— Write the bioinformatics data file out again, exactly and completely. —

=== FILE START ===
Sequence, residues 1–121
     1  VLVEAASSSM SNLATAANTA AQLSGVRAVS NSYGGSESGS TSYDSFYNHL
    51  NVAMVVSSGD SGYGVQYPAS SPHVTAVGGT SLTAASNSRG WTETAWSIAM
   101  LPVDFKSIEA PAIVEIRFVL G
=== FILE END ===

Sequence, residues 1–121
     1  VLVEAASSSM SNLATAANTA AQLSGVRAVS NSYGGSESGS TSYDSFYNHL
    51  NVAMVVSSGD SGYGVQYPAS SPHVTAVGGT SLTAASNSRG WTETAWSIAM
   101  LPVDFKSIEA PAIVEIRFVL G